Scientific Studies Support New Look at Air Quality Standards

EPA is right to revise small-particle pollution standards 

Published: Friday, June 29, 2012, 5:00 AM

By Tami Davis Biddle and Thomas Y. Au
When we look back on photos, film and other imagery from the mid-20th century, we are often struck by the prevalence of cigarettes. Americans smoked; many smoked heavily. Smoking cigarettes was not only considered acceptable, it was considered appealing, attractive and cool. Then we learned better.

Scientific studies began to pile up more and more evidence, from the 1960s through the 1980s, indicating that smoking was directly linked to all kinds of negative health outcomes, most notably cancer. Public information, including government-led campaigns, helped us see the light.

In the second decade of the 21st century a similar ground-swell of awareness is developing about the air around us. This groundswell, too, has developed gradually and is just now beginning to gain a head of steam. Once again it pertains directly to our health, and once again it pertains directly to the air we put into our bodies. This time, however, the focus is on air pollution and “fine particulate matter,” which is invisible and small enough to penetrate readily into human body tissue.

From the 1990s, scientific evidence has been piling up regarding the wide array of negative health effects of air pollution. And that evidence has pointed a particularly telling finger toward fine particulate matter, or PM 2.5 for short. It is well-established that exposure to air pollution increases the incidence of respiratory illness, including bronchitis and asthma.

Recent studies, including one run by the Columbia Center for Children’s Environmental Health, have drawn direct links as well between high levels of combustion-generated pollutants and high rates of infant mortality, low birth weight and cancer. In recent years, a direct link has been established between air pollution and cardiovascular illness. This link has been confirmed repeatedly in studies by scientists around the world. This problem is of concern in central Pennsylvania, where small-particle pollution is high.

If all this wasn’t enough to give us pause, researchers have begun to find strong linkages between PM 2.5 and two other dreaded health problems: stroke and cognitive degeneration. A recent study run by Gregory Wellenius of the Brown University Center for Environmental Health and Technology revealed that on days when concentrations of traffic pollutants go up, so, too, does the risk of stroke.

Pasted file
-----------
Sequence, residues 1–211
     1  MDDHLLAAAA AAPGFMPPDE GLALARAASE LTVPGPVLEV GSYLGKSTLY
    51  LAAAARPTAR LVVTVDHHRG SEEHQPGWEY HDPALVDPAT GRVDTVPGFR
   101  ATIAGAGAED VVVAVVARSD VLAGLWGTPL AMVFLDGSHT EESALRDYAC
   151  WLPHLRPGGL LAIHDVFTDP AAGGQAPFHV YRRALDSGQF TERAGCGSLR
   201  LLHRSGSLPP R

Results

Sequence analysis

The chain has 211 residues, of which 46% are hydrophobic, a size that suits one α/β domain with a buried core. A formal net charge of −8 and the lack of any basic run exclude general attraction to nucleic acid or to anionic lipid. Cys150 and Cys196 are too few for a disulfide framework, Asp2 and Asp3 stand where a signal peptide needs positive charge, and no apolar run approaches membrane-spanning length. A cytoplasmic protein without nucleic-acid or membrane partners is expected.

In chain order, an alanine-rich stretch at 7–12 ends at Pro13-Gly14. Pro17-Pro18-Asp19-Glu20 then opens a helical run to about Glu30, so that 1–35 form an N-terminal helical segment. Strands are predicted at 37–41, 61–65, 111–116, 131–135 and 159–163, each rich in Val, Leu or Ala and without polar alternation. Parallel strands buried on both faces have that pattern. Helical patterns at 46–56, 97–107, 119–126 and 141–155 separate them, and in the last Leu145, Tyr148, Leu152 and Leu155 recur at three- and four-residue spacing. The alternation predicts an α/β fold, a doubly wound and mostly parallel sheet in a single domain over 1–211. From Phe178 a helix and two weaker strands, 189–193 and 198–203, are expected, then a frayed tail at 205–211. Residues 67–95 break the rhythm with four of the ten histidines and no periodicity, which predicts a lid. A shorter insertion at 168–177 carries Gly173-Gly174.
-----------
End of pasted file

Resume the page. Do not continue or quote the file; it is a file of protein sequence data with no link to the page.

The increased stroke risk was highest within 12 to 14 hours of exposure to PM 2.5 and was most strongly associated with traffic-related pollution. Regarding the latter finding, the authors noted that “Experimental studies in humans and animals have shown that exposure to concentrated ambient PM 2.5 can induce increases in blood pressure and heart rate and reductions in heart rate variability within this time frame.”

What is perhaps most striking about this study is that PM 2.5 exposure increases the risk of ischemic stroke at levels below those currently considered safe under U.S. regulations. This observation prompted Dr. Rajiv Bhatia of the San Francisco Department of Public Health to suggest that ambient air quality standards should be reviewed. Bhatia argued that improved human control of PM 2.5 is “technically feasible, but will require increased efforts to assess exposure at the community level, more stringent and creative regulatory initiatives, and political support.”

In a study with equally daunting ramifications, Jennifer Weuve of the Rush University Medical Center in Chicago found women with higher levels of long-term exposure to course and fine particulate matter (PM 2.5) had significantly faster declines in cognition than those with less exposure to pollutants. Weuve and her colleagues found evidence that fine particulate can penetrate the brain through the nasal passages. Her study followed 19,409 women in the U.S. between ages 70 and 81 for about a decade, looking at cognitive changes every two years.

All of these studies have significant ramifications for national health policy and regulatory policy in the United States, suggesting stronger efforts to control fine-particle pollution might be needed to protect the general population. These studies should be in the forefront of the public debate as the Environmental Protection Agency considers whether to raise the standards for fine particulate.

Tami Davis Biddle and Thomas Y. Au are members of the Clean Air Board of central Pennsylvania. 

Nano Pollution and Health (Video)

Nano Pollution and Health

February 21, 2008 — Scientists find that air pollution is even worse for you than previously thought. As this ScienCentral News video explains, new research shows how tiny particles from vehicle emissions can cause heart disease and other problems.

Sponsored by the National Science Foundation.

EPA Standards and Better Health: Tami Biddle, CAB

January 24, 2010 – EPA Standards and Better Health

By Tami Biddle, CAB Executive Board Member